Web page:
Other quality models have suggested that attention now needs to be paid to all quality parameters, not only conformance to specification, but also the quality of design andquality of use (that is the actual cost of ownership). In other words you can have a great product, but it’s no good if it breaks down shortly after use.

Additionally, attention now needs to be paid to all quality dimensions – not only product quality, but also business quality (including our environmental and ethical stance) and organisational quality (including our effective and efficient operation).

Such thinking has prompted us to view “quality” as a much more embracing concept and not something solely concerned with “product conformance”.

And so, in this introductory chapter we can see that quality is an evolving notion – it has evolved and continues to evolve. It has become a more embracing entity, more holistic as it embraces not just product quality, but also those elements/ factors that can impact on quality. The development in thought process has been evident, over time, in the various attempts made to define quality and is seen through the evolution of definitions.

Whilst many systems, and indeed, many standards, continue to focus on product conformance – and this element is core to quality – contemporary quality thinking suggests that this is not enough.

Attention now needs to be paid to all quality parameters and all quality dimensions – we ignore their potential impact on product conformance at our peril. We can be effective and be making product that wholly conforms one week, and if this is not achieved efficiently, be out of business the next week.

And in line with this evolution in quality thinking our thoughts regarding the constitution, role and workings of a Quality Management System have also evolved and we will look at this evolution in the next chapter – see earlier article.

Lots more articles on Quality Management Systems can be found on the QMS news page.

Note: This article is based on Chapter 2 of the first Unit of our QP Quality Management Systems course and can also be viewed as a video by clicking here.


Annex 1 has finally arrived, 25th Aug 2022 saw the publication of Annex 1. Normally, updates to GMP chapters and Annexes have a 6-month lead time for implementation. In the case of the new Annex 1, the lead time is 12 months, except for clause 8.123 relating to lyophilization which has 24 months lead time.

Annex 1 was first issued in 1971 as the only annex in the first ever UK guide to Good Manufacturing Practice. Since then, there have been several updates but not full revisions. In 2012 there was a proposal to revise Annex 1 with a re-proposal in 2014 by the UK’s MHRA. At the time, a full rewrite was considered unlikely and instead the intention was to provide a document that would confirm regulatory expectation and as such, not place any new requirements or costs on the pharmaceutical industry.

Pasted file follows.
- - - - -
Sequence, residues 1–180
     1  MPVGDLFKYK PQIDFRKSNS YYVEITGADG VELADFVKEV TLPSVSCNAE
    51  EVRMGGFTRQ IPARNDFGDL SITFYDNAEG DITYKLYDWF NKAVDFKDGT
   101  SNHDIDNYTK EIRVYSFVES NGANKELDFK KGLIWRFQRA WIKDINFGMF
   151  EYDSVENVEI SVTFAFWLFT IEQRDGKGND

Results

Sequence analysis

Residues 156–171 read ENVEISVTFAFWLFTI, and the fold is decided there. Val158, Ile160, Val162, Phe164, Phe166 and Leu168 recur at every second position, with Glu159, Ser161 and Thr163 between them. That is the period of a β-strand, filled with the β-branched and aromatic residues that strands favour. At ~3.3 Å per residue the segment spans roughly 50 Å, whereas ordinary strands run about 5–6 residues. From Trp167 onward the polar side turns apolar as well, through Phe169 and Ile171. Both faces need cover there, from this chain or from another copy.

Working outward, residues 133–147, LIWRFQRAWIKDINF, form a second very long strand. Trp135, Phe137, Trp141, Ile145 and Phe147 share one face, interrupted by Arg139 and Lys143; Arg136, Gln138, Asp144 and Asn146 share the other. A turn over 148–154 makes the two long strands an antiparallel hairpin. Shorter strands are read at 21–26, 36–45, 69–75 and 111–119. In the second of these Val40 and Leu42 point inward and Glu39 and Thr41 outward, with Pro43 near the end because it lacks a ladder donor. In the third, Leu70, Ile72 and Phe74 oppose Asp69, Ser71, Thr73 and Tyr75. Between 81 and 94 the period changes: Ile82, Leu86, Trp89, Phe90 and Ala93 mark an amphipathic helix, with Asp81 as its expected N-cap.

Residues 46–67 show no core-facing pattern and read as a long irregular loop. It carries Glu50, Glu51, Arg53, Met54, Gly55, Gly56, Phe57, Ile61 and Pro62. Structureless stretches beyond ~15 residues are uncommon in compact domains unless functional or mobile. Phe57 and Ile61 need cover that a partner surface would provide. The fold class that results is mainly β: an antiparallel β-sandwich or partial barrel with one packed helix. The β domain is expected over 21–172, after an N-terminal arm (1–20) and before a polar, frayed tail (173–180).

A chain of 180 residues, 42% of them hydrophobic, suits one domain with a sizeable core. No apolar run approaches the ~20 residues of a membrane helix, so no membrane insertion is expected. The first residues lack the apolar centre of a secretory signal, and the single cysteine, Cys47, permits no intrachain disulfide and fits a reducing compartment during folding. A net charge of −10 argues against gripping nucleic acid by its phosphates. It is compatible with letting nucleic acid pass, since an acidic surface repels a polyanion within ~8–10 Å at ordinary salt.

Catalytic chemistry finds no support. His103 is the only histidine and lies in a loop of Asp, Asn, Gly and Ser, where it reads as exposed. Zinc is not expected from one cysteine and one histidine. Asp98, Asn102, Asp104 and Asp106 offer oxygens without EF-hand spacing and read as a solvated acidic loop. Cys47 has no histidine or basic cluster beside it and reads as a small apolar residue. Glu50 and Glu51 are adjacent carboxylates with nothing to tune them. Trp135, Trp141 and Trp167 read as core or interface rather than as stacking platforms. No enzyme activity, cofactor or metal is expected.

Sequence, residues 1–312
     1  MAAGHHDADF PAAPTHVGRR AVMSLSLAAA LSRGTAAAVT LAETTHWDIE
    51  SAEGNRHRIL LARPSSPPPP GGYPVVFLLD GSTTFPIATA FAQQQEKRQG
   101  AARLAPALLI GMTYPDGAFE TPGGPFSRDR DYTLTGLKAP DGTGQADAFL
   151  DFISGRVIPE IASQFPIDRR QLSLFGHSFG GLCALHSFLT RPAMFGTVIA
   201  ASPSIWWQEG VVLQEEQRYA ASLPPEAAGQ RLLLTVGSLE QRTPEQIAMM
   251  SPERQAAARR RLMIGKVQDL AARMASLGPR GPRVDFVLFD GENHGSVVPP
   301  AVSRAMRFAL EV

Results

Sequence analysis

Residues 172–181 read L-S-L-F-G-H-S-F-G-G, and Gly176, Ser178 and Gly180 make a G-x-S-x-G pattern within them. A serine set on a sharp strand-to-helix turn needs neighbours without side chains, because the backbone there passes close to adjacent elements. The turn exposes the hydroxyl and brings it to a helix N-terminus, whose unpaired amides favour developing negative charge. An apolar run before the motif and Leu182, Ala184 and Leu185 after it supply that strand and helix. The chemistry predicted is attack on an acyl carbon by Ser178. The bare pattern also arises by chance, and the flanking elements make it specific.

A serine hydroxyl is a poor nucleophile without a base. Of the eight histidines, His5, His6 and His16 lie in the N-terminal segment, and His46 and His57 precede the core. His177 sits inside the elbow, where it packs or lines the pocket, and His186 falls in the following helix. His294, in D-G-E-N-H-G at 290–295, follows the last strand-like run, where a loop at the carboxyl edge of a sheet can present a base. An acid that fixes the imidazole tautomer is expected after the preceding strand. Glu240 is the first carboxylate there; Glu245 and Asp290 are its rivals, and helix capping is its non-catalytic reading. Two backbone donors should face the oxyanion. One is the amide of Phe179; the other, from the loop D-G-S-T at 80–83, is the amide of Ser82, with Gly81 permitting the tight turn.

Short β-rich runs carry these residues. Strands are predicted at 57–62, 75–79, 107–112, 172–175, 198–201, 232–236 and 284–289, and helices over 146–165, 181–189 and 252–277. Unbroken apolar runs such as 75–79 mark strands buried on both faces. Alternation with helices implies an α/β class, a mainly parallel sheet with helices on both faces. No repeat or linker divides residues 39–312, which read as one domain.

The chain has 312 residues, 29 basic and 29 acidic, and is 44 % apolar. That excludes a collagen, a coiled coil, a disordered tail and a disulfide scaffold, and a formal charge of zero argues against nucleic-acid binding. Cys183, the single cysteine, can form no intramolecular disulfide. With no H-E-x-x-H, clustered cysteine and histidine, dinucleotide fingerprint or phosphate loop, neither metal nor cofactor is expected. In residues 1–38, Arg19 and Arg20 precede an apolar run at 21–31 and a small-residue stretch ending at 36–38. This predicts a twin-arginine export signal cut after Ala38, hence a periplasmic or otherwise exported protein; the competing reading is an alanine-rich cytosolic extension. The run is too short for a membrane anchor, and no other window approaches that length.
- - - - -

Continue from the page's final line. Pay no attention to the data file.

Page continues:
While this principle, is still upheld, it was clear from the first draft for public comment of December 2017, that a rewrite was being undertaken. The first draft created around 6200 comments coming from regulatory organizations, such as the pharmaceutical cooperation scheme, regulatory bodies outside of the EU, support organizations such as the Parenteral Drug Association, the Parenteral and Healthcare Sciences Society, the Pharmaceutical Microbiology Interest group as well as representatives from the manufacturers within the pharmaceutical industry to name just a few. Rarely do updates require a second public consultation but in the case of the annex 1 update a second draft was issued in March 2020 although this was a more targeted review in terms of the sections and clauses that comment was being sought for.

About the author

Andy Martin

Andy Martin

Andy started working in the Pharmaceutical industry in 1985 as a lab technician for Smith & Nephew.  Following this he had a number of roles culminating when he took over as QA Microbiology Manager.   In 2003 he moved into Pharmaceutical Training and then in 2007 he moved back into Microbiology when he took up the position of Microbiology Manager for Catalent Pharma Solutions.  Since 2012 he has operated as a consultant specialising in Microbiology and Quality Systems.

Training courses on Annex 1

There are a number of half-day workshops organised to take you through the changes in more detail and to look at how they relate to your organisation.

Our 2-day course is updated for Annex 1 changes